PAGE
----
Like millions of other people, Nguyen Le watched the eight-minute, 46-second cellphone video in which George Floyd was killed by Minneapolis police.
The 50-year-old businessman said he had to do something.
“I couldn’t remain silent anymore, because to me remaining silent would just be complicit to all this."
“I couldn’t remain silent anymore, because to me remaining silent would just be complicit to all this,” said Le, who runs a well-known insurance firm in southwest Houston.
After Floyd’s death, Le saw an ad from the 1970s with Black Civil Rights leaders calling on the government to help Vietnamese refugees, like himself.
“That was the beginning of ’78,” Le said. “And then I realized, ‘holy crap’ — later that year I was an 8-year-old boy languishing in a refugee camp.”
It inspired him to show his solidarity with the Black community. In late June, Le put up a bright yellow billboard in Houston's Viet Town that read “Black Lives Matter” in English and Vietnamese.
“We added the Vietnamese translation just because I'm Vietnamese, I was born in Vietnam,” he said. “Everything we do now is bilingual.” Some 91,000 Vietnamese immigrants live in the Houston area.
Le said he was expecting some pushback — but the death threats caught him off guard.
A Vietnamese vlogger on YouTube used violent verbal attacks against Nguyen Le for his billboard. The video now has more than 36,000 views.
His Facebook page filled up with hate speech. Some critics called him a communist, and he said his insurance business lost 12 clients. The Vietnamese media criticized Le. He responded with a press statement.
“I was never told that I am worthless by those with different skin colors. I know that my life would have been a lot harder to build if I did."
“I was never told that I am worthless by those with different skin colors. I know that my life would have been a lot harder to build if I did,” he wrote in the statement.
Shortly after the backlash, people organized to support Le. They rallied in front of the billboard. They defended him on social media. An online fundraiser for Le's business has been shared more than 3,000 times.
“I'm really encouraged by how many people have donated,” said Ngoc Anh Nguyen, a doctor in Houston who created the GoFundMe page.
“At first it was only Vietnamese Americans, or Vietnamese people donating,” Nguyen said. “Then it went to people in other countries, people in other states, and then non-Vietnamese people who literally have no bone in this fight.”
She said the billboard controversy has sparked difficult conversations in their community, particularly among young people and their parents, who are more likely to be conservative.
Bao Huong Hoang, 35, is one of the many Vietnamese Americans in Houston who support Nguyen Le and Black Lives Matter. She’s an administrative director of protocol research at MD Anderson Cancer Center and generally steers clear of controversial topics, like race, with her parents.
But, she said, earlier this week, she sat down for dinner with her parents and her mom mentioned the billboard out of the blue.
“She said ‘you know about that billboard, I've been hearing in the Vietnamese radio they've been talking about it’ and she said, ‘initially it made me very uncomfortable,’” said Hoang.
Her mom told her about the media reports showing people of all different races supporting the Black Lives Matter billboard.
“She said she saw all these different faces, masked faces, but faces out at the protest. She said she's had a change of heart. She said she thinks it's now a good thing,” Hoang said.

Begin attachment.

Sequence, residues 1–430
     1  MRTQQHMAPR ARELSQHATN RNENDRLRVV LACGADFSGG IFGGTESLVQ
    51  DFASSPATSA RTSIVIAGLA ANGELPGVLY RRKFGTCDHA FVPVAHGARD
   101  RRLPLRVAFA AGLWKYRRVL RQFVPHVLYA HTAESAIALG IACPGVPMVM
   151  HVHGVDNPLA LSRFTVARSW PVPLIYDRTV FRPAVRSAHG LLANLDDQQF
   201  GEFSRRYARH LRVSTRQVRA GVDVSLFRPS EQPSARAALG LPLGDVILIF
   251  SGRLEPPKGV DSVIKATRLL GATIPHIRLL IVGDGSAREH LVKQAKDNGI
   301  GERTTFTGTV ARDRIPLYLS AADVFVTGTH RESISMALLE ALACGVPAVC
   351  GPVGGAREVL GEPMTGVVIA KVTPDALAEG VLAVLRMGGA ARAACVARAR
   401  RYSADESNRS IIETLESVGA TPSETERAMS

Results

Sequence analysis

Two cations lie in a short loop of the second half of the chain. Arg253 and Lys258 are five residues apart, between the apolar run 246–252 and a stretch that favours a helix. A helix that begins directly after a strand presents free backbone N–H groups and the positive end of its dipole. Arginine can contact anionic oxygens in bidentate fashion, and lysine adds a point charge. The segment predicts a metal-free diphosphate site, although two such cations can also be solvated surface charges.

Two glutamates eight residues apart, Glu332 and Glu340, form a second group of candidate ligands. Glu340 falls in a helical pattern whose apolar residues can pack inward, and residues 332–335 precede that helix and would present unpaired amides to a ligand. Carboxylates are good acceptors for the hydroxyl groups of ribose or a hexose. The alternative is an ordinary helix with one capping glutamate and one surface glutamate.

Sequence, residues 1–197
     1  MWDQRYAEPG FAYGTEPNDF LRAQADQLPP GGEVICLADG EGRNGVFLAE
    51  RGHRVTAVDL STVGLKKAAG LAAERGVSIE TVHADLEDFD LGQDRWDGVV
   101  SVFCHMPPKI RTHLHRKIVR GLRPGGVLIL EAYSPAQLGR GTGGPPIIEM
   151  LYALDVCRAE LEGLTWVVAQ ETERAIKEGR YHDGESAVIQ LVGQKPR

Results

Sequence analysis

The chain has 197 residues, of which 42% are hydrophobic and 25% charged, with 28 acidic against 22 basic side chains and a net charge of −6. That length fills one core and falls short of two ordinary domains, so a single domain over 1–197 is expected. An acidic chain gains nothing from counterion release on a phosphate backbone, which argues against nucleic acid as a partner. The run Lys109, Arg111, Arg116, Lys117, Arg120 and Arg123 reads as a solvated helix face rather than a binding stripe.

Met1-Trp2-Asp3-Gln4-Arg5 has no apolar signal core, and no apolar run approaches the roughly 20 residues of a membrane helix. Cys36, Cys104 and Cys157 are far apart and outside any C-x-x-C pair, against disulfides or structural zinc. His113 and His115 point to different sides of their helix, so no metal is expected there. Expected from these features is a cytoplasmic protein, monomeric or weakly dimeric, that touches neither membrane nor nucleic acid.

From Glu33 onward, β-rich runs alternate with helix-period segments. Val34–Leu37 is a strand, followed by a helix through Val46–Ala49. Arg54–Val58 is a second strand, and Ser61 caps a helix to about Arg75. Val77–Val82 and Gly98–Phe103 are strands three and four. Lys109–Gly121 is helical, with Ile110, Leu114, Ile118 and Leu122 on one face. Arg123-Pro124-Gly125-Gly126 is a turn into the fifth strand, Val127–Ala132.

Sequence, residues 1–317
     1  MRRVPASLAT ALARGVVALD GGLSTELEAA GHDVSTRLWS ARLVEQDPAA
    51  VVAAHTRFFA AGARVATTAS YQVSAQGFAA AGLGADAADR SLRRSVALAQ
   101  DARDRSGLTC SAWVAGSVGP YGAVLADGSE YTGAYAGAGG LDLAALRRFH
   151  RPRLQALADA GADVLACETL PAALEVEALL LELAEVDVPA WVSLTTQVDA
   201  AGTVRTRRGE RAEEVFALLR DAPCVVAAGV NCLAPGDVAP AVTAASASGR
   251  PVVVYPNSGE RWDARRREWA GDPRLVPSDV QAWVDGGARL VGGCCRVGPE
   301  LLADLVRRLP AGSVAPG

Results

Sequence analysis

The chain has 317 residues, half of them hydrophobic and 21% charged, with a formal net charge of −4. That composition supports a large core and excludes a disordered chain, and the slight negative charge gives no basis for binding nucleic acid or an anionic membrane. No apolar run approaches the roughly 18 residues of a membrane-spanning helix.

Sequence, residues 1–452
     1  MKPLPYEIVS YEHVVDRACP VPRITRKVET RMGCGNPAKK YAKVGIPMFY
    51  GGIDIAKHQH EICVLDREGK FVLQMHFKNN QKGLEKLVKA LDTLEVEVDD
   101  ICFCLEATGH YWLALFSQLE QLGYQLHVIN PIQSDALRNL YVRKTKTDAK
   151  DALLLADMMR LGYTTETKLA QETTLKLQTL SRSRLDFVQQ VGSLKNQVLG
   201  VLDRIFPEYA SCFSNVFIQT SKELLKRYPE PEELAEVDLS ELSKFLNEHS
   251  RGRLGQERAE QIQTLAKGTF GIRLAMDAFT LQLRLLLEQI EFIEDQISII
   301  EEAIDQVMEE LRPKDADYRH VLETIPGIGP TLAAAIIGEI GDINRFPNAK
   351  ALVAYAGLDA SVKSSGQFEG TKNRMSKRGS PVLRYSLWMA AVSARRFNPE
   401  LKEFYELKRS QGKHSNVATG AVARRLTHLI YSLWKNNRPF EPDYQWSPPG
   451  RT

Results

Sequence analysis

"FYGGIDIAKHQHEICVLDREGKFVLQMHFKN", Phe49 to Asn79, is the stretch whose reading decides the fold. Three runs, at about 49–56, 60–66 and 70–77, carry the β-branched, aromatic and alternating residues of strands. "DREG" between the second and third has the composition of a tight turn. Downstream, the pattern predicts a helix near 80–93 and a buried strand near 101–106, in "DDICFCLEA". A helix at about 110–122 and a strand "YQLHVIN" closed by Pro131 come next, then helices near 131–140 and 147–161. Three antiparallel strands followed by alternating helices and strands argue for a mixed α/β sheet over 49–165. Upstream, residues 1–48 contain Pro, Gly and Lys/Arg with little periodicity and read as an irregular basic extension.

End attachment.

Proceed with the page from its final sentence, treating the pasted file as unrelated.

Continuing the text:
Hoang said she’s pleasantly surprised to see her mother change her mindset.
Jacqueline Dan’s mother was less supportive when she found out her daughter was a supporter of the billboard. Dan’s mother, who lives in Houston, questioned her daughter when she saw her name on the GoFundMe page.
“She said, ‘the Vietnamese community… does not like this billboard,'” Dan said.
Her mom argued that Vietnamese stores are targeted by Black people. But Dan, who works as an immigration attorney at the public defender’s office in Orange County, California, rebutted.
“I represent the people who [are accused of] break[ing] into Vietnamese stores and homes — and they speak Vietnamese,” Dan said.
These divisions are not uncommon in Asian American families, especially among the first and second generations, according to Janelle Wong, who studies Asian American public opinion at the University of Maryland.
“Those who are older or first-generation tend to be more conservative when it comes to racial justice issues than our younger people."
“Those who are older or first-generation tend to be more conservative when it comes to racial justice issues than our younger people,” Wong said.
In the last 5 1/2 years, she’s seen a small but vocal minority emerge that aggressively opposes racial justice.
But nearly 75% of Asian American voters she polled in 2016 said the US government should do more to enforce equal rights for Black people in the country. And, she said, there are many older Asian Americans who have paved the way for the younger generation.
“The community as a whole is — among adults — 73% foreign-born, and we actually see that group is still more progressive than white Americans as a whole in terms of their ideas about race,” said Wong.
Nguyen Le said even though his 70-year-old mother was upset about the billboard — especially the attacks it spurred toward her son — he saw her opinion of its message “Black Lives Matter” evolve.
“I explained to her [that I had to do something] when I watched a grown man call out for his mama after his last breath,” Le said. “She finally understood that.”
Le said his mom’s own fear for her son’s safety made her realize why he could no longer remain silent on anti-Black racism.
Editor's note: This article is republished from Houston Public Radio through a partnership sharing agreement. Read the original article.
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